Hands On With the X-T2
A few days ago I had the chance to meet up with our local Fujifilm representative at a local camera store to get a look at the new X-T2. A few people have asked what I thought about it, especially since I’ve already pre-ordered one for myself. I went in armed with a lot of knowledge based on what I’ve read and seen so far, but there were still a few surprises that I didn’t expect.
WHAT I LIKED
- It's faithful to the original X-T1 design, and that's a good thing. They didn't do anything drastic like switch the positions of the shutter speed and ISO dials, so it feels easy to make the transition from the X-T1 to the X-T2.
- Speaking of the ISO and shutter speed dials, the new "pen button" push-in / push-out locking mechanisms work well, and the dials themselves seem much more solid and easy to grab without moving the shooting mode underneath. Old habits die hard, and at first I still found myself pushing and holding the ISO lock down, which obviously isn't necessary now.
- The new menu navigation is intuitive. I'm told it's the same as what's on the X-Pro2 with some additions (such as 4K video options).
- The doors for the memory cards and ports are definitely improved, with a decisive "click-iness" to indicate the latch is closed.
- When picking it up for the first time, it doesn't appear to be any larger than the X-T1 at all (despite official specs indicating that it is slightly larger).
- The focus lever (joystick) is a fantastic addition. X-Pro2 users are loving it and I see why now. The Focus Assist button is gone, and you now zoom in to check focus by pushing the rear command dial in.
- The My Menu option seems really useful! I look forward to customizing my own menu and quickly accessing the functions I use the most.
- ACROS is gorgeous. Very excited to be using that simulation and playing with the shadow, highlight and grain settings as well. I traditionally edit everything from RAWs, but I might be up for positing straight ACROS JPGs.
- I liked that the video mode is a dedicated shooting mode now, and I really enjoyed shooting video in the ACROS simulation.
- The real star of the show for me is the huge leap in phase detection autofocus points on the new sensor. When used in conjunction with the focus lever, it really gives you an amazing amount of control over EXACTLY what point in your frame you want to focus on. I did an X-T1 shoot at a coffee shop the day after previewing the X-T2 and was dismayed to find the point I really wanted to focus on was between two of the autofocus points on the X-T1. Sure, you work around it, but just knowing the the X-T2 could fit another two or three points in between the two points on the X-T1 made me eager to get my hands on the new camera.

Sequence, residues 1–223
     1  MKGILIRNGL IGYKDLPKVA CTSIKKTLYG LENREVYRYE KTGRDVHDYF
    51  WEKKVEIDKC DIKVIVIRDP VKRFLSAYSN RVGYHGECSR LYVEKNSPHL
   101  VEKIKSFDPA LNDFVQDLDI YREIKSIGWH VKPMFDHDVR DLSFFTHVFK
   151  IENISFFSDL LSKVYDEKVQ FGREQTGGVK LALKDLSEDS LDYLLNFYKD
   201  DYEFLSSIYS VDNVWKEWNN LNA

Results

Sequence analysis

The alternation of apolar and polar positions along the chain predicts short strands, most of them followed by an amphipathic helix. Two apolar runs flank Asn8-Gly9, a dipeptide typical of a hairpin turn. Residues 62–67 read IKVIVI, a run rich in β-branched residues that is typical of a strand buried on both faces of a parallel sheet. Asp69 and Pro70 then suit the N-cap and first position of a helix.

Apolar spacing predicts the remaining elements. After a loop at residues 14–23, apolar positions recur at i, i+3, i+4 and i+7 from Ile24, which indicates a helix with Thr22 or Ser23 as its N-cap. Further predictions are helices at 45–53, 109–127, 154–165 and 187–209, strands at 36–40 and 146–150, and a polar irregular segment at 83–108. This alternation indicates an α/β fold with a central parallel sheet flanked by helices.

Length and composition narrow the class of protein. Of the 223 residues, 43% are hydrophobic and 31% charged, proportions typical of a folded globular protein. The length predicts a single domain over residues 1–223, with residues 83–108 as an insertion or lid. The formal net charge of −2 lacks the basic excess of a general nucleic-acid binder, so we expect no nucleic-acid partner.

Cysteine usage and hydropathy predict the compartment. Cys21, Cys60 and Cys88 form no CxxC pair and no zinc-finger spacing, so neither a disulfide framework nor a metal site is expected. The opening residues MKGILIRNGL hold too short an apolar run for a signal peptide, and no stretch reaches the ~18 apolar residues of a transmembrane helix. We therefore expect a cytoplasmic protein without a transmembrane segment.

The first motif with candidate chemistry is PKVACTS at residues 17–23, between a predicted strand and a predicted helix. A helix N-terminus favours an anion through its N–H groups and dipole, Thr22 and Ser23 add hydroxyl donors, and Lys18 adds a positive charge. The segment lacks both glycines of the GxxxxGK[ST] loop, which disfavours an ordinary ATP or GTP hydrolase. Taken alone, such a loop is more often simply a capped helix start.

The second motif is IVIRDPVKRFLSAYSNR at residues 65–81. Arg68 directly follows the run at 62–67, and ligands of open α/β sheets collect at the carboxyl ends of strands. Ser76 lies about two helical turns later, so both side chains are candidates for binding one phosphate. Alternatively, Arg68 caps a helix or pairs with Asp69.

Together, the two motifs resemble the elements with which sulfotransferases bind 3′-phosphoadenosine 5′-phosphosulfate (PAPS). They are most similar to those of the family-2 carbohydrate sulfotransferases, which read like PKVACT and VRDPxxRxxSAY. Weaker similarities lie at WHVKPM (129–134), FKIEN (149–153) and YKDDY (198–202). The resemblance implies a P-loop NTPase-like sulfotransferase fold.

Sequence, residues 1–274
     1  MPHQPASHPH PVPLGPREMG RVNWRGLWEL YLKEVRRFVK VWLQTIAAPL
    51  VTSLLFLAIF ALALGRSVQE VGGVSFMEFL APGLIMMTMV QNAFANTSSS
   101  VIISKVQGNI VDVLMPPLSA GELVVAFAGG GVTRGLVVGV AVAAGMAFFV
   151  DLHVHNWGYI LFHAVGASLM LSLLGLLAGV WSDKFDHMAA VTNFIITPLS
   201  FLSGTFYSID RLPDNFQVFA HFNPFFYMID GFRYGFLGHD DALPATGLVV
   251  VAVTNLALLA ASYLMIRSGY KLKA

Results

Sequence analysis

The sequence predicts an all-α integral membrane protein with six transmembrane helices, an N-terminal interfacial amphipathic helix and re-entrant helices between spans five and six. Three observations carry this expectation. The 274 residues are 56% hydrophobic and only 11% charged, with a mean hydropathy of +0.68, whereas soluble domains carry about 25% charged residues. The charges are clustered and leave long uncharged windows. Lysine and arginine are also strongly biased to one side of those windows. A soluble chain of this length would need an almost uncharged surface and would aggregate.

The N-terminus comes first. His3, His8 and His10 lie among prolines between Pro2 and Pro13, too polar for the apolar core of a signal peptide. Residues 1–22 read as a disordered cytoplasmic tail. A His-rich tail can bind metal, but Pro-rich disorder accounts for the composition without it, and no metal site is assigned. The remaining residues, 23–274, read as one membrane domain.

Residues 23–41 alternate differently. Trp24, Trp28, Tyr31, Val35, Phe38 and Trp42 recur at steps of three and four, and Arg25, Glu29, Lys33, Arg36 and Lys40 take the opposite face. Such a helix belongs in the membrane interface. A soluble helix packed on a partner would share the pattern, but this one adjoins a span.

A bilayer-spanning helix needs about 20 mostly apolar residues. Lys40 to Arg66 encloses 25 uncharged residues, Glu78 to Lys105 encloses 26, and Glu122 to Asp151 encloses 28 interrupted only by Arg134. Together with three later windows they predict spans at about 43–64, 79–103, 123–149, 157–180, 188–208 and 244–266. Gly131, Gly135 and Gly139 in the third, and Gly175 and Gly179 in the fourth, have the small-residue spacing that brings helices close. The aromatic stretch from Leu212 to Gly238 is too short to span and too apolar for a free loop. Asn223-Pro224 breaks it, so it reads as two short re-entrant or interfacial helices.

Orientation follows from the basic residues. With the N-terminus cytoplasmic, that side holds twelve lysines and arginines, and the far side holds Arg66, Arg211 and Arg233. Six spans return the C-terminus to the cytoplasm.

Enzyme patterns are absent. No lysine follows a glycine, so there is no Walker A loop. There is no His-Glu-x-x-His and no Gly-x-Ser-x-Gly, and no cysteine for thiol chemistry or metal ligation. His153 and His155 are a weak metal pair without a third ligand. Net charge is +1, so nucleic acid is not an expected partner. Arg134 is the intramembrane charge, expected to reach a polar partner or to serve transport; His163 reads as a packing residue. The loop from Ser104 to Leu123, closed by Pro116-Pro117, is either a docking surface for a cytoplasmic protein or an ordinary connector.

WHAT I DIDN'T LIKE
- It was difficult to notice any huge differences in either EVF refresh rate or autofocus speed. Of course, being inside of a camera store isn't really the ideal testing grounds, but going between my X-T1 and the X-T2 wasn't as earth shattering as say, going from an X-Pro1 to an X-Pro2 would be. Still, I know the improvements are there and given the right subject matter I'm sure I could give the new autofocus modes a proper test. Focusing with the 35mm f/2 in Single Point on the X-T2 was fast, but I was hoping for more immediate results. Too demanding? Probably, but it seemed to focus at the same speed as the X-T1. I think the new autofocus algorithms really shine when tracking fast motion with Wide Tracking enabled, especially when you set the mode to ignore objects that pass between you and your subject. That's always been difficult for the X-T1 to overcome.
- Despite the eye cup being larger, I still think it's too shallow. I'll be swapping out my long eye cup onto the X-T2 when it arrives.
- Similarly, despite the grip of the X-T2 being slightly deeper and more ergonomically friendly, I still think it's too small, especially when compared to the medium Grip I've added to my X-T1. As much as it hurts me to say it, I think I'm going to have to shell out the additional $129 for the X-T2 Grip. Ouch....that does hurt.
NEITHER HERE NOR THERE, BUT WORTH MENTIONING
- The extra battery grip is nice, but it's just too heavy and cumbersome when attached. "Too heavy" will make some DSLR shooters laugh, but for the kind of shooting that I find myself doing, it's not for me. Videographers, sports shooters and perhaps commercial photographers will definitely benefit from it though. I still think a headphone jack on the X-T2 body itself would have been ideal.
- Shooting with the quiet, quick 35mm f/2 and then comparing it to the 35mm f/1.4 is really starting to make it hard to keep ignoring the f/2. Ignoring the 23mm f/2 is going to be even more difficult!
- I only briefly checked the video modes and I wish I would have gone in and investigated the menu for video focusing even further. One thing that I forgot to test was manually focusing during video WITH focus peaking on while the camera is recording / rolling. I checked in with my friends at Fuji Canada and they let me know that yes, focus peaking IS viewable during video recording, so I'm looking forward to testing that out when final firmware is available.
- I'm really looking forward to the added phase detection points and increased resolution, but in the end it will all come down to image quality. Seeing as how the X-Pro2 can produce some stunning results, I'm confident that the X-T2 files will be equally stunning.
So that’s my quick personal overview after briefly shooting with the X-T2 and scrolling through the various menu options. I’m looking forward to getting my own X-T2 in soon so I can customize it to my liking and examine some of the outputted files from that new sensor. From what I’ve seen so far, this camera will not disappoint!